The White House denied Tuesday that senior adviser Jared Kushner is under investigation by the White House Counsel's office over possible ethical or criminal violations in connection with more than $500 million in loans made last year to his family real estate company.
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The head of the government's ethics agency had told a Democratic House member that White House lawyers had acknowledged they "had already begun the process" of looking into possible ethics and legal issues spawned by the loans. Kushner met last year with executives from the two companies that made the loans to Kushner Cos.
Even as White House spokeswoman Sarah Huckabee Sanders firmly denied any formal investigation into Kushner, she acknowledged that the White House Counsel's office often plays a role in checking whether ethics guidelines have been met by administration officials.
"While the White House Counsel's office does follow-up with staff to assist with compliance with various ethics standards, it is not probing whether Kushner violated the law," Sanders said.
The acting director of the U.S. Office of Government Ethics, David Apol, did not say Kushner was under formal investigation, but had indicated that he was told by the White House that its lawyers were looking into whether the loans had spurred any ethics or legal concerns. Apol revealed the White House Counsel's role in a letter sent last week to Democratic Rep. Raja Krishnamoorthi, D-Ill.
"The White House indicated to OGE that we are aware of news reports and would proceed as appropriate," Sanders said. "Beyond that, we do not and will not have any further comment."
Kushner is President Donald Trump's son-in-law and has played key roles in the Trump administration's domestic and foreign policy initiatives.
Kushner's lawyer, Abbe Lowell, said Monday it was his understanding that "the White House counsel concluded there were no issues involving Jared." Lowell denied any improprieties by Kushner, saying, "he was not involved with his former company after he entered government service; the transactions in question came after that; he had nothing to do with those transactions; the transactions had nothing to do with any of his meetings in the White House."
Earlier Tuesday, Krishnamoorthi and Rep. Elijah Cummings, D-Md., asked White House Counsel Don McGahn to provide documents showing results of the Kushner inquiry. Sanders would not specifically say if the administration would comply with the oversight request.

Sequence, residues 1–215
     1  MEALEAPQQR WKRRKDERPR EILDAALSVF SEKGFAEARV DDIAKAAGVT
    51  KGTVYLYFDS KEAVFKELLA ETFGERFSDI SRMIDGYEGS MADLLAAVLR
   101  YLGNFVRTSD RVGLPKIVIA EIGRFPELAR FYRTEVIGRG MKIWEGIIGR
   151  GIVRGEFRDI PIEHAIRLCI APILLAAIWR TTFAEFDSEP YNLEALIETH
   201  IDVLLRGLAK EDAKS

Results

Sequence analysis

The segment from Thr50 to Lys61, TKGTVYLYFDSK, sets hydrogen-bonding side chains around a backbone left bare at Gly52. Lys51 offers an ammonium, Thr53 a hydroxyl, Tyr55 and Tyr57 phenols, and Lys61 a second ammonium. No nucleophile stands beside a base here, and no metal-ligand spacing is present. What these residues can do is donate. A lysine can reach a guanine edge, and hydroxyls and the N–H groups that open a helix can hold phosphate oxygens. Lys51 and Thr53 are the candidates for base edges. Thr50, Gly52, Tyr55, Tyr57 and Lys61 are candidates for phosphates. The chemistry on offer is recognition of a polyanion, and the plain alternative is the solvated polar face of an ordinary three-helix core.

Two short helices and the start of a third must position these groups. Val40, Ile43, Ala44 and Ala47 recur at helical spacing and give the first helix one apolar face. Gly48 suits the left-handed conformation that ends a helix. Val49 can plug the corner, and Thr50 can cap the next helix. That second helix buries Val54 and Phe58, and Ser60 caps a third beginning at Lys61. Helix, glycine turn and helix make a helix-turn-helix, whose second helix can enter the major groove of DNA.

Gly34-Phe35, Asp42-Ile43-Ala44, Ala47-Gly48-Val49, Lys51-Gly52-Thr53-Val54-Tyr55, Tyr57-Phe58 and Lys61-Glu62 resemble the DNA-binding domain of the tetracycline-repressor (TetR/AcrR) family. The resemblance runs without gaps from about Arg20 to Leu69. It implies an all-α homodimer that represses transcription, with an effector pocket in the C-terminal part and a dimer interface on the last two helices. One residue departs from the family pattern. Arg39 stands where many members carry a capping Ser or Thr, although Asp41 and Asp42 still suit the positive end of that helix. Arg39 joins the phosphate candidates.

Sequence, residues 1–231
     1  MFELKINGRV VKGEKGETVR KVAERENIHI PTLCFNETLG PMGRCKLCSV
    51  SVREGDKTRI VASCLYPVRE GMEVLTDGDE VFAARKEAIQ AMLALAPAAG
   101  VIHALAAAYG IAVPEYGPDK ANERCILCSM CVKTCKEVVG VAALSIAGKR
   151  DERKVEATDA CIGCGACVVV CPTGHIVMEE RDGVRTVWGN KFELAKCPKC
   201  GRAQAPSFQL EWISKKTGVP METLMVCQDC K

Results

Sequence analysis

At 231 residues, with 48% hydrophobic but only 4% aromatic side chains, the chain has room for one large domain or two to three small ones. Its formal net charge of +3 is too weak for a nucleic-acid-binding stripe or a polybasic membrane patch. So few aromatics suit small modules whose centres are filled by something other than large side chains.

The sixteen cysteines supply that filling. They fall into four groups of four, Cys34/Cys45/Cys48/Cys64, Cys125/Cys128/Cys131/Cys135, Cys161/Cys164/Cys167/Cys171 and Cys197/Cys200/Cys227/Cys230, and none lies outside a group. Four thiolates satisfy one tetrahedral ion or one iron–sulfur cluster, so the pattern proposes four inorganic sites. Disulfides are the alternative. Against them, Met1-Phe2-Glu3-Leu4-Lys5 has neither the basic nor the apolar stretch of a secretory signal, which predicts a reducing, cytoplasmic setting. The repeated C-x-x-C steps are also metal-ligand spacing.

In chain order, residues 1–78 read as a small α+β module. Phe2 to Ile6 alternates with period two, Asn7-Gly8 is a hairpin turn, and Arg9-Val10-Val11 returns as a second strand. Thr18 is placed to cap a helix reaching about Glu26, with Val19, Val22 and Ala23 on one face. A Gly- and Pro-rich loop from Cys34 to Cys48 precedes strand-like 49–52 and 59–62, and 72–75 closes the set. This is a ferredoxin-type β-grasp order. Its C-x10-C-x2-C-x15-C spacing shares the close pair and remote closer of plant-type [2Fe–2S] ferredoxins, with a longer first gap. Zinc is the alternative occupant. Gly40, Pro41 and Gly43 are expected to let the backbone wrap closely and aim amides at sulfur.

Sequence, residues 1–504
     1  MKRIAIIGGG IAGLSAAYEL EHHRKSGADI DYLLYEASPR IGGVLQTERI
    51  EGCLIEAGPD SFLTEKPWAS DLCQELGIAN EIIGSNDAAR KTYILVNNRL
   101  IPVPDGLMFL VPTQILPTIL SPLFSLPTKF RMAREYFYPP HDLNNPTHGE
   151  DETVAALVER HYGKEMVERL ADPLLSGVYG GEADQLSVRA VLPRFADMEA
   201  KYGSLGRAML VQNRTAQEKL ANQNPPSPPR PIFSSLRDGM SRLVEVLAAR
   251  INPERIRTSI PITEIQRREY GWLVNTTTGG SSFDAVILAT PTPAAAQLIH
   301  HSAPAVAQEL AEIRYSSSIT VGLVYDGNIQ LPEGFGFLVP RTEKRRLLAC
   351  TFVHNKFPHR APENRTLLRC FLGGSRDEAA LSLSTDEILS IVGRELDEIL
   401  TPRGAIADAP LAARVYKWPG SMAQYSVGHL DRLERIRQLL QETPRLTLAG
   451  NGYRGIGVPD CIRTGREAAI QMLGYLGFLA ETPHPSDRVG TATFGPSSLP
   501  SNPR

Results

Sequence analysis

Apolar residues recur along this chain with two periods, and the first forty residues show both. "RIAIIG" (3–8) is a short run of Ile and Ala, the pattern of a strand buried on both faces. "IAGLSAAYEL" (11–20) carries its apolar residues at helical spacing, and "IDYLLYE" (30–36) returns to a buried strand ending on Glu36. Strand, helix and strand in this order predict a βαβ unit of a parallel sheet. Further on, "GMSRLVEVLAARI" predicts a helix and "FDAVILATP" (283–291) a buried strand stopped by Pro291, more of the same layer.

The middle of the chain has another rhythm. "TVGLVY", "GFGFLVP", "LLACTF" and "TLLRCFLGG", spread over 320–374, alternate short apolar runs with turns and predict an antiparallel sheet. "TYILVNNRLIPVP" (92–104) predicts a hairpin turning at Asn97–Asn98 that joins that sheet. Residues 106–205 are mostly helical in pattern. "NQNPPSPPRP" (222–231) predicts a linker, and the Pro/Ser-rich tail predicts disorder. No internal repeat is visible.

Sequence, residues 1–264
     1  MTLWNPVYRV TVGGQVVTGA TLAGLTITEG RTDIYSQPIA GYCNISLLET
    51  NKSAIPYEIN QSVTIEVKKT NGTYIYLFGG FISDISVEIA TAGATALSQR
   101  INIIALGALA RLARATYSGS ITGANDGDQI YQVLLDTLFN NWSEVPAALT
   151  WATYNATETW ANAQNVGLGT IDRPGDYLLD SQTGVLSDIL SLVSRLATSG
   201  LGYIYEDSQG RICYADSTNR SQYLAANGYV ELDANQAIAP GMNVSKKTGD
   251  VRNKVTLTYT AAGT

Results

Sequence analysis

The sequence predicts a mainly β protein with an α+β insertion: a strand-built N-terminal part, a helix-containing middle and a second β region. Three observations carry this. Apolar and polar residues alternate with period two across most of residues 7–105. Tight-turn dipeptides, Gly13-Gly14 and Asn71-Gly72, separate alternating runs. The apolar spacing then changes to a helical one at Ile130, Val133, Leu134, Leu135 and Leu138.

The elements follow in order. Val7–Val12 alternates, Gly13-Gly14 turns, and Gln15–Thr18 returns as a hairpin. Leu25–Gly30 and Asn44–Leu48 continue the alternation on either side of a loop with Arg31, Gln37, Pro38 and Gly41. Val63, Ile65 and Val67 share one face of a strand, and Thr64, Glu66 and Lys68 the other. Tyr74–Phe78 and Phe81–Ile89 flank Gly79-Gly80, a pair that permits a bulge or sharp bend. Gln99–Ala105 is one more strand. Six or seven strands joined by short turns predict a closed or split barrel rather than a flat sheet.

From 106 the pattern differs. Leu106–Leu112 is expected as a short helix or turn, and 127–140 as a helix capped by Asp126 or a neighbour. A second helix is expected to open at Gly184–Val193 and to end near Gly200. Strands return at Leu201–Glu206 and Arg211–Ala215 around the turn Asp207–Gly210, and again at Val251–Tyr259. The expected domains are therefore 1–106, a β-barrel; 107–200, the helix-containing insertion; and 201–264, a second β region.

Kushner Cos. has previously defended its role in the two loans. A spokeswoman for Kushner Cos. said Monday the firm had not received any correspondence from the White House.
Citigroup and Apollo Global Management, the two firms that made the loans to the Kushner real estate firm, have insisted their officials did nothing wrong in meeting with Kushner.
In one case cited by The New York Times, Citigroup lent $325 million to Kushner Cos. in spring 2017, shortly after Kushner met with Citi's chief executive, Michael Corbat. Last week, Citigroup's general counsel told several Democratic lawmakers in a letter that the loan was "completely appropriate."
In a second case, Kushner met several times with Apollo co-founder Joshua Harris and discussed a possible White House job — followed by Apollo's loan of $184 million to the Kushner family firm. An Apollo spokesman previously told The Associated Press that Harris "never discussed with Jared Kushner a loan, investment, or any other business arrangement or regulatory matter involving Apollo."
In a separate letter last week to Democratic lawmakers, an Apollo official added that "to our knowledge, Jared Kushner did not play any role on behalf of Kushner Companies with respect" to the loan.
In their letter Tuesday, Krishnamoorthi and Cummings raised concerns that White House lawyers had previously ignored requests for information about Kushner "given the increasing number of allegations about Mr. Kushner using his role in the White House to benefit his family's company."
Associated Press writer Zeke Miller contributed to this report.